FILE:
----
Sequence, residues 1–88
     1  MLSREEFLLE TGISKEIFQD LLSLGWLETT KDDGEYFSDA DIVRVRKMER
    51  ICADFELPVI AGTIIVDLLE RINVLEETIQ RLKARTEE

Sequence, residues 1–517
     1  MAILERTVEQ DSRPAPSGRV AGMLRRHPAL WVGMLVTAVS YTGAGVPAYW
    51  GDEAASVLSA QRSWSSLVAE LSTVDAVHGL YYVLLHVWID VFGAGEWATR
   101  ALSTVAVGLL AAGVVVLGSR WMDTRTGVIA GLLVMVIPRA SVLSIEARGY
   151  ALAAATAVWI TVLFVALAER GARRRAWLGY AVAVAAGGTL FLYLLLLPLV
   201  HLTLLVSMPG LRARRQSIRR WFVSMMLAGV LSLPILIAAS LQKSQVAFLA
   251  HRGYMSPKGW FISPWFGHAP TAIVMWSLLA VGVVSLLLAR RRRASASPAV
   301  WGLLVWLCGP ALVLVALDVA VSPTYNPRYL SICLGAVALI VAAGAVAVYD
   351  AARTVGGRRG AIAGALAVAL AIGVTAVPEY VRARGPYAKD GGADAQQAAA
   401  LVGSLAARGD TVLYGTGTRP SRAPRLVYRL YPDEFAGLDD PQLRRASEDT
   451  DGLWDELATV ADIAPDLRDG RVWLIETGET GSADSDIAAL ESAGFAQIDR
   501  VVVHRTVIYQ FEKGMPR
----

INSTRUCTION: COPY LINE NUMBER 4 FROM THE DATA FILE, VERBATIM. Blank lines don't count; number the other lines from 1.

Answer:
Sequence, residues 1–517